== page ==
There’s a long-lasting saying that you’ve probably heard.
“Nothing in life is free.”
But is it true?
Maybe not always.
There are giveaways, product samples, and kind and generous souls who donate to GoFundMe.
But, for the most part, I think the saying holds up.
How many spam emails do you get promising you riches beyond your wildest imagination? But first… you must send them something.
Even scammers know that we’re often distrustful of something that sounds free.
But then there are “free” services. They’re usually online, and often give you a lot of value for that little price of $0.
Yep, I’m talking about social media.
Most successful social media companies are free for users.
There are always benefits to paying, like Medium’s partner program and Facebook or Twitter ads.
But the key is, it’s not a requirement.
Anybody (over 13 or so anyway) can sign up to these websites for the colossal payment of nothing.
Nothing! It’s free!
If we’re so distrustful of free benefits, why have people accepted that these services are free for so many years?
We all get a lot from them, whether it’s for personal or professional reasons.
You can stay in touch with family and friends via text, video, or even phone calls on Facebook. Why pay to use your phone when you call people in another country for free?
You can build a massive community for your brand through Facebook Groups, Twitter, and Instagram.
You can even get job leads and speak directly to recruiters for free on LinkedIn.
Pinterest? You can practically plan your entire wedding. Or house renovation. Or your nail designs for the next 50 years.
Social media has changed our lives for better and for worse.
Kids can stay in contact with their teacher and classmates through a global pandemic using the internet.
I couldn’t imagine that being possible when I was in high school, and that wasn’t even that long ago.
But it’s also made bullying easier, getting fired easier, and falling into addiction even easier.
So how can something with SO many benefits and a few downsides be free?
I’m always surprised, and a little disappointed, every few years when something comes around about “your privacy and Facebook”.
Can you BELIEVE that Facebook knows that’s you in the back of some shady bar with wine spilled down your shirt?
Actually, yeah. I can.
And NO! I don’t want my friend to be able to tag me.
Even with the big Facebook data leak that happened last year, and Zuckerberg repeatedly apologising to users (even in the senate), people still say to me, “isn’t this crazy?” as they brandish their phone in my direction.
We were talking about elf costumes for dogs, and now I’m getting an ad!
How does it know?!
Even more surprising is when people don’t believe me when I tell them, yes, actually, your phone IS listening to you.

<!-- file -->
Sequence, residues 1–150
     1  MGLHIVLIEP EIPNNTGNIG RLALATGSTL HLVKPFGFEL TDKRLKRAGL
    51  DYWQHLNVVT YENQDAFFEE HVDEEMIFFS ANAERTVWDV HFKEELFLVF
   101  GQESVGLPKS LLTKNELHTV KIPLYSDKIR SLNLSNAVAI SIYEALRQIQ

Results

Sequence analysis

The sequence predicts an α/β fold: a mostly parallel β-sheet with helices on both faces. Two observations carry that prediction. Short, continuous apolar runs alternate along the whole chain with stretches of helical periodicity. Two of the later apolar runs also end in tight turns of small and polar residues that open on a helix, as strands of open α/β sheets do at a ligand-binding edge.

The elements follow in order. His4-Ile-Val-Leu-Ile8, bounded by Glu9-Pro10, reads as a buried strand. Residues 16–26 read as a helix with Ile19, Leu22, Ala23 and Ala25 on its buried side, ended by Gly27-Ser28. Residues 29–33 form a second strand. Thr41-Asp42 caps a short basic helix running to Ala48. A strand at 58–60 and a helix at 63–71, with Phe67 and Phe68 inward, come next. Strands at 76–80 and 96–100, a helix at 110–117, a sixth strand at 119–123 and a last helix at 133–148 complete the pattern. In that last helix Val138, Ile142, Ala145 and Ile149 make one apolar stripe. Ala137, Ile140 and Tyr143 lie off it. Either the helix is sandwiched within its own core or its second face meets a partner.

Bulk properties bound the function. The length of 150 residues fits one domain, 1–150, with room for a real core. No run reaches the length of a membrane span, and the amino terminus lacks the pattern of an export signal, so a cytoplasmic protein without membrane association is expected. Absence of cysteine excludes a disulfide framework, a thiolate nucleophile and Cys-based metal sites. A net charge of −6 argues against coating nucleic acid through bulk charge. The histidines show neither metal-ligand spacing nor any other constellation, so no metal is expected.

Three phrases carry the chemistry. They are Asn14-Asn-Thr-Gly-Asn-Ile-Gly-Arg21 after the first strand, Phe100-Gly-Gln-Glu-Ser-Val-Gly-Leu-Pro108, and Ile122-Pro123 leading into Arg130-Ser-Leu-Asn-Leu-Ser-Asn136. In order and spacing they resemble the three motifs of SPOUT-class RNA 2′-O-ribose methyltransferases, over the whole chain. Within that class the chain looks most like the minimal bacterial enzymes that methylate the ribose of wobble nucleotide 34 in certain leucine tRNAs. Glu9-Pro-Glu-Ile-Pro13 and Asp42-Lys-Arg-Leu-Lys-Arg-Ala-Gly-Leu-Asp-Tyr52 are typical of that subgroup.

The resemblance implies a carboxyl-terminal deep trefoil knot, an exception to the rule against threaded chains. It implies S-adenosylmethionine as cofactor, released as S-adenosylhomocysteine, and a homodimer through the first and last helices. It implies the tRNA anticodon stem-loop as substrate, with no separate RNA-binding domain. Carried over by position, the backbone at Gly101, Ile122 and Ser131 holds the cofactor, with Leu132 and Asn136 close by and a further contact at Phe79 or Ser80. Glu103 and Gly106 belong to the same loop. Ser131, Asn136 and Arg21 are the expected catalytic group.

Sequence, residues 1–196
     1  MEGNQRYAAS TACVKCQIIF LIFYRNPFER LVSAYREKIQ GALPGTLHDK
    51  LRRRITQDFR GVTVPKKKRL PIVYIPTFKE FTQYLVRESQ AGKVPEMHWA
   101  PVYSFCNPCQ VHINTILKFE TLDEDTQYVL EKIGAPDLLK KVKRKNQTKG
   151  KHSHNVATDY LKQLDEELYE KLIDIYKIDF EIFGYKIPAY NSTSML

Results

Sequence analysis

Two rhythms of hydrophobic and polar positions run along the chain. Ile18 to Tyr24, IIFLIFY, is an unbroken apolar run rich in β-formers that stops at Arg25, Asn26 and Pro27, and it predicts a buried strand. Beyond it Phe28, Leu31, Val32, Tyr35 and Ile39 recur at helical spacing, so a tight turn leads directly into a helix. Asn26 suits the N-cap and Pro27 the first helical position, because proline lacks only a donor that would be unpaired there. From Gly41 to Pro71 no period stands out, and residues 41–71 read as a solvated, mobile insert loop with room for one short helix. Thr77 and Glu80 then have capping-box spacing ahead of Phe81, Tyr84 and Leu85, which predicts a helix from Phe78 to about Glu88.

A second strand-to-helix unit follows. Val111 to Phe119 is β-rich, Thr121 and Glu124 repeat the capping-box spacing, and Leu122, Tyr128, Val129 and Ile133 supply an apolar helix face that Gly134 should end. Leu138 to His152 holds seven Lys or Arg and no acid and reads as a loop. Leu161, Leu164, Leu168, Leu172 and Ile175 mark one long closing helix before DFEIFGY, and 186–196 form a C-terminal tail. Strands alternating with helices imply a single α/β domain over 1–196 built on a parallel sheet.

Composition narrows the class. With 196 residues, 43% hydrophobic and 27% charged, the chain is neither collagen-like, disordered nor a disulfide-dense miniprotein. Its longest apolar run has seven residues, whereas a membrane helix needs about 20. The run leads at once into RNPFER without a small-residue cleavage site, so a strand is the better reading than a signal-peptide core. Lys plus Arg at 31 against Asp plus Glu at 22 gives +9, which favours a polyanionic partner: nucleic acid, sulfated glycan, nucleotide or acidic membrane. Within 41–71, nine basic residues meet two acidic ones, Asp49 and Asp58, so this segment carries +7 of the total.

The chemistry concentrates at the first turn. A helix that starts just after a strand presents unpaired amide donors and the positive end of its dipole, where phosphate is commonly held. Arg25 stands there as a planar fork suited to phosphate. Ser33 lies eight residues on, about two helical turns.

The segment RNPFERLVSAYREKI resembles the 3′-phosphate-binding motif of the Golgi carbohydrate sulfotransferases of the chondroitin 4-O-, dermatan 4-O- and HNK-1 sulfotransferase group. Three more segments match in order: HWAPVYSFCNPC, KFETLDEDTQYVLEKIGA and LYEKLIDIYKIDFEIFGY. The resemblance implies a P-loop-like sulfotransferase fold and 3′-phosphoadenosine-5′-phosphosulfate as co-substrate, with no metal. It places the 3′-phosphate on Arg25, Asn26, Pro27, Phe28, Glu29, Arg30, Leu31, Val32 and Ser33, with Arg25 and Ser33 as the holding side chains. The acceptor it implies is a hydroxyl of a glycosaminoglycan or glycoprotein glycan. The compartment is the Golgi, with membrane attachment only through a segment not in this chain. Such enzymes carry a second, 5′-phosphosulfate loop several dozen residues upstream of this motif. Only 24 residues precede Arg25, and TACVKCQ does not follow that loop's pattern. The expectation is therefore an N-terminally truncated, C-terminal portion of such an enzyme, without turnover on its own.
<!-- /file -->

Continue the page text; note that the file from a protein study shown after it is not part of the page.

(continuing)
Or at least watching you (not through your camera, but maybe…). More like keeping track of what you’re typing.
A few months ago I even had a conversation about Everybody Loves Raymond with a few people. That night I started getting 10-year-old Youtube videos of “funny moments from Raymond”.
It was a little concerning, but mostly kind of funny. Because when I told the people I was speaking with, they didn’t believe me — “how would your phone know?”
It’s because Facebook wasn’t free after all.
We don’t pay with real money to use these services. They really ARE monetarily free.
We pay for something that, depending on your personal beliefs, might be worth more than money.
Our personal data.
And it’s not just the random things you can easily lie on your profile about, like your age, where you went to school, and if you’re in a relationship.
It’s more important stuff.
Like whether every time KFC sends you an ad, you’ve got to click on it.
Or that you messaged your friend asking for advice on the best place to buy makeup.
But, most importantly, it’s the fact that all that data can be put together to build a very clear picture of who you are at any moment in time.
Who are you?
Facebook might throw me into a few categories.
A woman, 25–30, who loves pictures of dogs with weird faces, is self-employed, a writer, and spends $2,000 a year on business apps and software.
Who also lives within 5km of (your business) and is looking to buy a Microsoft Surface.
For someone creating an ad that wants to sell Microsoft Surfaces locally with an ad targeted to writers or dog lovers — probably.
Google and other websites have this same information about you.
Google follows you around from website to website, and Facebook knows that you visited a website they sent you an ad for three weeks earlier.
For these sites, your personal data is worth a lot more than a service fee.
Even small business and solo freelance marketers know this.
You don’t have to put your email in for a free printable so that they can send it to you. If the marketer wanted you to be able to, you could download it straight from their page.
Your email is just permission for them to start marketing.
Don’t take me the wrong way.
I don’t think this form of payment is all bad.
Actually, I like it.
It means that, instead of getting intrusive, inappropriate adverts, I see things that I genuinely am interested in.
Google and Facebook know that it’s good for you, and it’s good for brands when you get information designed for you.
Part of the reason television ads suck so much is that they’re geared towards almost everybody (which, inevitably, means virtually nobody).
A ton of thought and research (and money) goes into digital marketing.
Most businesses don’t want to waste their money marketing to someone who doesn’t care about what they’re selling. Well, the responsible and reputable ones anyway.